Slemons Foundation Spends Down

More Than $4.5 million Grants into Kent County

The Slemons Foundation, created in 1965 through the estate of Elmer J. Slemons is officially out of business. On purpose. Slemons, who died that same year at the age of 89, was a former Grand Rapids Press manager and Booth Newspaper director. The private foundation operated for nearly 50 years and in the last two decades it was closely affiliated with Grand Rapids Community Foundation. “The Community Foundation served as its grantmaking advisor. We vetted grant applications and made recommendations to the trustees,” said Kate Luckert Schmid, program director at the Community Foundation. “We also arranged for site visits to area nonprofits, the trustees appreciated the insider view and being able see the grants in action,” said Luckert Schmid.

The Slemons Foundation’s mission was to make grants that lead to employment and self-sufficiency for vulnerable population groups; help with emergency human service needs; build relationships between social service organizations and their clients; help with access to recreation, the environment and the arts for vulnerable populations and it funded projects that encouraged collaboration among service providers.  In all it made more than $4 million in grants.

Among the grantees that Slemons supported were Gilda’s Club (over $320,000) especially its youth programs including Noogieland and its children’s grief program. Grandville Avenue Arts and Humanities ($165,000), Childrens Assessment Center and Steepletown Neighborhood Services were also major grantees. It made annual grants over many decades to several well-known Grand Rapids nonprofits including Porter Hills, United Way, Clark Retirement Home, Mayflower Congregational Church, American Red Cross, American Cancer Society and The Salvation Army. It also provided some start up funds for The Rapidian, a nod to Slemons newspaper roots. “Part of our role was to bring projects to their attention that they were not aware of, but were a fantastic fit for their philanthropic goals,” said Luckert Schmid.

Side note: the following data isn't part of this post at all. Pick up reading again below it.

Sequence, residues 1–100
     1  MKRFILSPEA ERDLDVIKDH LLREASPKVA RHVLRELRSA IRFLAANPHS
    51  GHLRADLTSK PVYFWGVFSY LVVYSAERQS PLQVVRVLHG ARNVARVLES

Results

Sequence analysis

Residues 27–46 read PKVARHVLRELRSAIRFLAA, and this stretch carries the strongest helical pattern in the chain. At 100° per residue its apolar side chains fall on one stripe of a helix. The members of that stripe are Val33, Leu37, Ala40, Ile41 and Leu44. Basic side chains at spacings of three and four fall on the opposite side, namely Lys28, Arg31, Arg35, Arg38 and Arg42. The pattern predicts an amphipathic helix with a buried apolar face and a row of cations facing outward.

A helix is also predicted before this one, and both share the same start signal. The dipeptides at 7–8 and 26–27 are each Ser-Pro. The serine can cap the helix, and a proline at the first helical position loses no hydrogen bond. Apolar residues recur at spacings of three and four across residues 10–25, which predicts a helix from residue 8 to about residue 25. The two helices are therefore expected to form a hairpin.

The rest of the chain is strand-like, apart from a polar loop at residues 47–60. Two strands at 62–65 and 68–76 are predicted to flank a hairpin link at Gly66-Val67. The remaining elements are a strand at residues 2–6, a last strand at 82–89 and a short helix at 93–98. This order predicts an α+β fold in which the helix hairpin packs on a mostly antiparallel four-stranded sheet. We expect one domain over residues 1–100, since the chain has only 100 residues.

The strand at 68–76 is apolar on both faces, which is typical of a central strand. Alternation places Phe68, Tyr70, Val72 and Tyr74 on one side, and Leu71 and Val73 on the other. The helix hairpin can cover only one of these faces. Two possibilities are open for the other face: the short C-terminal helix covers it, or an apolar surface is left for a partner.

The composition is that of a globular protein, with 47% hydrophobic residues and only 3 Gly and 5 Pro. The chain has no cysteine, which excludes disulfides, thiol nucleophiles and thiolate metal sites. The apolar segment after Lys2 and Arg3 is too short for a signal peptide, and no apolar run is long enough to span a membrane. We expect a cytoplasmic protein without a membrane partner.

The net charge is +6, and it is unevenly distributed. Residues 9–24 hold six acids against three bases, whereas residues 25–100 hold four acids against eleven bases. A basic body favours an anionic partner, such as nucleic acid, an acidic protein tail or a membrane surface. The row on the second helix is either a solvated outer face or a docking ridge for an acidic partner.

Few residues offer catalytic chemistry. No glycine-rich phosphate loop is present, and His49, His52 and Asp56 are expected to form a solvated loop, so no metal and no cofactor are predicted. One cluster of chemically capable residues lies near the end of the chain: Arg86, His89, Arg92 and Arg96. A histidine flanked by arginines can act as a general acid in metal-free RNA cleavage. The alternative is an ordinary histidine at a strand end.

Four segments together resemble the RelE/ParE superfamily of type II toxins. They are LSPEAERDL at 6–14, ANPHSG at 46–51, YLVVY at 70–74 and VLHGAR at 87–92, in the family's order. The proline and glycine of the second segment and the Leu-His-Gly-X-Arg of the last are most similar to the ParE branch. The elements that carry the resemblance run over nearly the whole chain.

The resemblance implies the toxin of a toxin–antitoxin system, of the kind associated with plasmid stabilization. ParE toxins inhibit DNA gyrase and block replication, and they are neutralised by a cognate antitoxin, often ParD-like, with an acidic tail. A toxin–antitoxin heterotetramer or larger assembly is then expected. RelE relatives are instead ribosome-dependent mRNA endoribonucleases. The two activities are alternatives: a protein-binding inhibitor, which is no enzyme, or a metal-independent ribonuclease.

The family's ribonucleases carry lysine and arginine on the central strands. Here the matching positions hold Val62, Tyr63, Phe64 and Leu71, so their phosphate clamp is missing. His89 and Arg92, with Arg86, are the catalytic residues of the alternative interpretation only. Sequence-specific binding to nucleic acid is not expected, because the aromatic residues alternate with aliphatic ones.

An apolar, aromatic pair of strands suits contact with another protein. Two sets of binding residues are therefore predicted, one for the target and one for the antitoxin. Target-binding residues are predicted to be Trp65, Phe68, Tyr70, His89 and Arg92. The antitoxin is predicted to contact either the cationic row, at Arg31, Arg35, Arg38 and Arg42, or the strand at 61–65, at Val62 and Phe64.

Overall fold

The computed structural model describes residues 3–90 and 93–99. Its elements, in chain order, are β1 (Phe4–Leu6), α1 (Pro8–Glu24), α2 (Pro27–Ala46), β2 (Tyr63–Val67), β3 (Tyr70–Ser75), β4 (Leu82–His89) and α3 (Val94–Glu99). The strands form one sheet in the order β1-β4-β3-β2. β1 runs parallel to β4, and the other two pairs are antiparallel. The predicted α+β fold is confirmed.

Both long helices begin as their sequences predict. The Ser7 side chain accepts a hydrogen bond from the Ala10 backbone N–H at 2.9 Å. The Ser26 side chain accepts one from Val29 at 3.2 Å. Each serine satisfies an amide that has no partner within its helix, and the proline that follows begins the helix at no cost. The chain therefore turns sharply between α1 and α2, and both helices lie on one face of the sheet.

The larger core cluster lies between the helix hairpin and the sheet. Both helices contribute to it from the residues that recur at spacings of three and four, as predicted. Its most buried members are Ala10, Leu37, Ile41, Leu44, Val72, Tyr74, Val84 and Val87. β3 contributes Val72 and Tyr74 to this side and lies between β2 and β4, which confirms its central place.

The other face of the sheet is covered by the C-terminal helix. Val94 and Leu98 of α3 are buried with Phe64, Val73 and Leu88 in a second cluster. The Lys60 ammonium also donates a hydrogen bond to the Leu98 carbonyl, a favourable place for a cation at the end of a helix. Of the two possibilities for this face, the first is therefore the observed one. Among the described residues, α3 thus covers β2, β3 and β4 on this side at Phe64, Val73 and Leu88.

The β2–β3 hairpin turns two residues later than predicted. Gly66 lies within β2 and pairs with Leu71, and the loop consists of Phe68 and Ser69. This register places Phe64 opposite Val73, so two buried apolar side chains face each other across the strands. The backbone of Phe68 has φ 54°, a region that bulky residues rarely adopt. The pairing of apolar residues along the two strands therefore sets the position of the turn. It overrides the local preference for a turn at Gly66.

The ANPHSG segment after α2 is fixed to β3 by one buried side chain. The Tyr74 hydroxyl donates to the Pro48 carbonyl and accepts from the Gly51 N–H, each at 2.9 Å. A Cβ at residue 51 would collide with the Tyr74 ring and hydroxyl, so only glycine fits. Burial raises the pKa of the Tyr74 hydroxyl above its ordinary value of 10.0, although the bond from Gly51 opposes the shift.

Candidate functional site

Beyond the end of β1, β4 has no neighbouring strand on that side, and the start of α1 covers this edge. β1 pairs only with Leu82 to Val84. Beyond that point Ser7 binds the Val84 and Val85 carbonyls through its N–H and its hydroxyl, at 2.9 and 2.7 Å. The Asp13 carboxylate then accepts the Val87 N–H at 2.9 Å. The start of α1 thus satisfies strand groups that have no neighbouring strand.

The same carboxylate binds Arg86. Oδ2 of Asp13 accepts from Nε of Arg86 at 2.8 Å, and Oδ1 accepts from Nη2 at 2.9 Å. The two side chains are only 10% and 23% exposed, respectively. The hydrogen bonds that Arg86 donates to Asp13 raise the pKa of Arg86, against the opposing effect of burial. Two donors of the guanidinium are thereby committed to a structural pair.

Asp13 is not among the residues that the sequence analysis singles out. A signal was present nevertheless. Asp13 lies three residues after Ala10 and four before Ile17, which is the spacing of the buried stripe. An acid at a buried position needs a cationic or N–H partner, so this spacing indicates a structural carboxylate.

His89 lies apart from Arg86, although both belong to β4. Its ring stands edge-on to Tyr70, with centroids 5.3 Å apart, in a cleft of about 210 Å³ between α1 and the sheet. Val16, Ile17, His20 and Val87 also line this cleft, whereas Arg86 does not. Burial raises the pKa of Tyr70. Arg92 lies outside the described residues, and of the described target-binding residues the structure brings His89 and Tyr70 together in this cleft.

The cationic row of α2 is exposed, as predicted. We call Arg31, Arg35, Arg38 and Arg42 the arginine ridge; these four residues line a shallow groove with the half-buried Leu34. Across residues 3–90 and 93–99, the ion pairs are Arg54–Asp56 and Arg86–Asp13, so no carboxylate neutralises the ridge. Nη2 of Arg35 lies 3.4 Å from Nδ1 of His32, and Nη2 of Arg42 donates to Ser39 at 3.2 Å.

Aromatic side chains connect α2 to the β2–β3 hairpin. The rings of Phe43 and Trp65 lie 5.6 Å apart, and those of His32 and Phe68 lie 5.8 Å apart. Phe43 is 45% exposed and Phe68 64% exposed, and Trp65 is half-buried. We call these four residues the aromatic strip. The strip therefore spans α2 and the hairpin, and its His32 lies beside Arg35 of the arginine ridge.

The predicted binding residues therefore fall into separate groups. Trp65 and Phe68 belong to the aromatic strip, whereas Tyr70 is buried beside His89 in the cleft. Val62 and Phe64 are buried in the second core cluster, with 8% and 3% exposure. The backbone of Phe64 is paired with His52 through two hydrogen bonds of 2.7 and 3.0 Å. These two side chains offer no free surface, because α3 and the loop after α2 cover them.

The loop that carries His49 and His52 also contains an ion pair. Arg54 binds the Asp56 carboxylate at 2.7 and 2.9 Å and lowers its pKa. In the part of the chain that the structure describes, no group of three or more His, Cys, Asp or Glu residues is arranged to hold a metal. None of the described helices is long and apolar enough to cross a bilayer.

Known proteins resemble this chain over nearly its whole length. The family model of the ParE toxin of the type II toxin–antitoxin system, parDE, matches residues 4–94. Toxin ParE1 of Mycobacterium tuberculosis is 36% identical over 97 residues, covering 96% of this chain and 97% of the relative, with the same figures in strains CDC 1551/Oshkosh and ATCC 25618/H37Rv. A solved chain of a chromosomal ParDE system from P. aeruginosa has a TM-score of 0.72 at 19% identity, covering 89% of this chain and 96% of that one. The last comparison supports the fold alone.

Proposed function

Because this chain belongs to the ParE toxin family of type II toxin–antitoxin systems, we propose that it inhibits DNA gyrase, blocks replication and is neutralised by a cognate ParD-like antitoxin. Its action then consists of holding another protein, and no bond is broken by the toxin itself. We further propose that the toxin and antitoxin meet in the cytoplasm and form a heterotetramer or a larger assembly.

Per Slemons’ estate documents three people were to serve as trustees. John Bergstrom served for 12 years as the community representative on the foundation’s board. “Mr. Slemons stipulated that there be a community trustee, as well as a representative from (then) Michigan National Bank (now Bank of America) and a representative from Mayflower Congregational Church. It was a thrill to grant the money according to Mr. Slemons’ will and to see the impact in the community. His wish was to mainly help serve people, especially younger generations,” said Bergstrom. “There is some sadness to see the ability to make a difference in the community to come to an end, but it has been a great experience.”  Slemons’ estate documents stipulated that the fund be spent down by the year 2020, but the end came sooner when trustees opted to make several large grants to organizations to close the foundation, rather than continue with smaller grant amounts.